In the northwest corner of Zion National Park lies Kolob Canyons, where trails are quiet and the views are yours to enjoy.
Zion National Park can feel more like Disney World than a wilderness experience, with nearly 3 million visitors arriving each year. Cars back up for miles, waiting to pass through the main entrance to Zion Canyon during the summer months, and clammer for spots at the two main campgrounds.
But Zion National Park is much bigger and wilder than most people realize.
About 40 miles north of that main artery of traffic lies Kolob Canyons, where the commotion of Zion is hushed, and the overwhelming beauty of the landscape takes center stage.
Escape the Crowds of Zion National Park at Kolob Canyons
The heart-pounding thrill of Angel’s Landing and the unique wonder of wading through the Narrows in Zion Canyon are experiences that shouldn’t be missed. But they won’t be quiet ones. If you’re looking to enjoy a more peaceful section of the park, Kolob Canyons is where you’ll want to be.
The unique sandstone slots of Kolob Canyons reach up to 2,000 feet tall, providing gorgeous panoramas of the surrounding red rocks. There are sandstone cliffs, slow canyons, waterfalls, and miles of quiet trails. I visited last summer and found the emptiness almost eery — but also invigorating.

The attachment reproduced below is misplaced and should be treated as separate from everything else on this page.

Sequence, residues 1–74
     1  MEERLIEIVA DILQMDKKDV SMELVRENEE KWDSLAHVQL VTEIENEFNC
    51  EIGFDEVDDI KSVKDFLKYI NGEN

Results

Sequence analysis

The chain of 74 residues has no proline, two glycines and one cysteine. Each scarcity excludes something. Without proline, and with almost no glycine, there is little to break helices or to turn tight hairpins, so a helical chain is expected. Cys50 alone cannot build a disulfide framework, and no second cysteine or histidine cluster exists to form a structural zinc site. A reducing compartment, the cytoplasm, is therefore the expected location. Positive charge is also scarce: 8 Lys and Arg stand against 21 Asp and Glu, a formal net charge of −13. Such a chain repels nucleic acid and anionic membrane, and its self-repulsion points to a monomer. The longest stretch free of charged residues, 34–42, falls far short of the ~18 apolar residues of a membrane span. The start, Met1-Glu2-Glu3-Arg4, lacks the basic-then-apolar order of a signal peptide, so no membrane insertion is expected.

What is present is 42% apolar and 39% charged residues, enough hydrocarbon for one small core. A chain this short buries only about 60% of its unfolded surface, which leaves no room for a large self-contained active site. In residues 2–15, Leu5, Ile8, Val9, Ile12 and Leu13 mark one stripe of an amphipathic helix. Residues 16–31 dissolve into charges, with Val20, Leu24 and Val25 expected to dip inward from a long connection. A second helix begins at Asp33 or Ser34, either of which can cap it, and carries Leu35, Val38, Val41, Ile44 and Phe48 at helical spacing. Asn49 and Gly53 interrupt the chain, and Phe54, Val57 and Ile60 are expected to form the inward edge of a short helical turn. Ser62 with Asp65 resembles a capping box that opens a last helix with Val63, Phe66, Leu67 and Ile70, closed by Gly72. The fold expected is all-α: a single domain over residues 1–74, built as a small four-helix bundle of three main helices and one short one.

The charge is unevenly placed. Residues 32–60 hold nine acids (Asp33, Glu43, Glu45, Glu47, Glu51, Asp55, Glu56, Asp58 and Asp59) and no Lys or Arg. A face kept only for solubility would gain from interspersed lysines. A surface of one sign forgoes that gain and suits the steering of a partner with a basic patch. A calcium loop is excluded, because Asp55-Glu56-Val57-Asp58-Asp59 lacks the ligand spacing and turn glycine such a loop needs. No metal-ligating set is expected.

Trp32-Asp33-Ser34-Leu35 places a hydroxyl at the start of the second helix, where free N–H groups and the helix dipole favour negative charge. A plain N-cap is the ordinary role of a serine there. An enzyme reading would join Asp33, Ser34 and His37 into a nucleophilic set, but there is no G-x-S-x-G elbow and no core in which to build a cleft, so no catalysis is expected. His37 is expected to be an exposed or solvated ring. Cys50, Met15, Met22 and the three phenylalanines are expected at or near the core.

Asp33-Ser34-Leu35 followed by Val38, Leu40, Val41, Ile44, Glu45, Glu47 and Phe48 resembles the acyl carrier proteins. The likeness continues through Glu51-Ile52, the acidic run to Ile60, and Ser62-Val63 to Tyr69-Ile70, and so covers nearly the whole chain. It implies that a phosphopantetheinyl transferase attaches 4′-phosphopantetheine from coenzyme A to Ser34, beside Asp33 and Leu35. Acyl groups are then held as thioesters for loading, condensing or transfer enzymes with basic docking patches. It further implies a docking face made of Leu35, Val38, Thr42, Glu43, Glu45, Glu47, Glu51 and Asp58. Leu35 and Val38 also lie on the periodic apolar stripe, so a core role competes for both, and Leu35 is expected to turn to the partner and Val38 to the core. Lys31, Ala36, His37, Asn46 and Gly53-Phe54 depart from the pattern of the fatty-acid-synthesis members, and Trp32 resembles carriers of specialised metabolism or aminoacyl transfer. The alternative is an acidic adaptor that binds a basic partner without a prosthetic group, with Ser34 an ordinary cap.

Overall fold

What to See and Do in Kolob Canyons
Climbing at Kolob Canyons
While there are only a handful of climbing routes hidden in Kolob Canyon, the 45-minute hike is more than worth it. Southern Utah’s sport climbing jewels are found at Namaste Wall, home to 5 steep, hueco-riddled routes (rated 5.10+ to 5.13a). Be warned, after climbing a line as aesthetic as Namaste, your standards may never be the same again.
Hike the Timber Creek Trail
If you’re looking for a quick-and-easy jaunt take the Timber Creek Trail to the Overlook. With an elevation gain of just 260 feet and a distance of one mile, you can easily bring the whole family for this hour-long outing. With restrooms and picnic tables available you can hike to the overlook, enjoy lunch and head back on the well-maintained pathway.
Visit the Kolob Arch via La Verkin Creek Trail
This main trail through Kolob Canyons is nearly 11 miles long with campsites along the way. Most people follow La Verkin Creek Trail on day hikes to visit the Kolob Arch, a natural sandstone formation, but you could also thru-hike it with a backpacking permit for a more rugged experience.
Canyoneer at Beartrap Canyon Loop
A strenuous, 18 mile hike brings you through a remote wilderness of dense vegetation. Beatrap Canyon Loop requires canyoneering, and will take you by the isolated Chasm Lake. Rappelling over the 30-foot Beatrap Canyon Falls is a highlight of this typically 3-day backpacking trip.
Backpacking Permits for Kolob Canyons
Kolob Canyons is a vast expanse of peaks and slot canyons. You won’t find a shuttle bus on this end of the park, and some of the highlights are best reached by multi-day hikes. If you’re spending the night in the wilderness, anywhere in Zion National Park, you’ll need a backpacking permit.